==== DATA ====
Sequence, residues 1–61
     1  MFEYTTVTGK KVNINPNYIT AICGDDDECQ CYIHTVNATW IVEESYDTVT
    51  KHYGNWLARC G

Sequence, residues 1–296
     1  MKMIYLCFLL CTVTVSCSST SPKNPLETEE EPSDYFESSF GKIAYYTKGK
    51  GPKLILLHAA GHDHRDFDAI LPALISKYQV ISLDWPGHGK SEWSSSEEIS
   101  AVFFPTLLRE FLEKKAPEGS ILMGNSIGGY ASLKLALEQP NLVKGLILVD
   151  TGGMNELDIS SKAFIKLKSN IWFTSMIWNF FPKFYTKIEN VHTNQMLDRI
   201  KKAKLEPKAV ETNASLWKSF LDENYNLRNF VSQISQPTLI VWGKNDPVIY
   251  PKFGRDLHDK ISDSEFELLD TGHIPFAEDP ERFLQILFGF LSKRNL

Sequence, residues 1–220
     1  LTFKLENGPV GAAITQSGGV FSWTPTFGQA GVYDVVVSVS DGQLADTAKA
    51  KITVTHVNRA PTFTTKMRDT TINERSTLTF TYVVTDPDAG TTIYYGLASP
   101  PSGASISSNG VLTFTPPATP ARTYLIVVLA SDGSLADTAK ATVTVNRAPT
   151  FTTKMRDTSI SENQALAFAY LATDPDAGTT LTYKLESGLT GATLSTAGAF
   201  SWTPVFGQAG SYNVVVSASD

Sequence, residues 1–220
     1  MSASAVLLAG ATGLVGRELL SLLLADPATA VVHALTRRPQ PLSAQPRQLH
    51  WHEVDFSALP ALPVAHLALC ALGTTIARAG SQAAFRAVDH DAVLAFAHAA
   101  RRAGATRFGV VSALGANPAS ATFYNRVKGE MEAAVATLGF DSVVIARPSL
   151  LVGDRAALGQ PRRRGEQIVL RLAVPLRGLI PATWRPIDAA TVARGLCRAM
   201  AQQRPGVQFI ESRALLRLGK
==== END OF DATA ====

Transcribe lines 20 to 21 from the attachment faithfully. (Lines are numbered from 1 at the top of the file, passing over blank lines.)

   101  RRAGATRFGV VSALGANPAS ATFYNRVKGE MEAAVATLGF DSVVIARPSL
   151  LVGDRAALGQ PRRRGEQIVL RLAVPLRGLI PATWRPIDAA TVARGLCRAM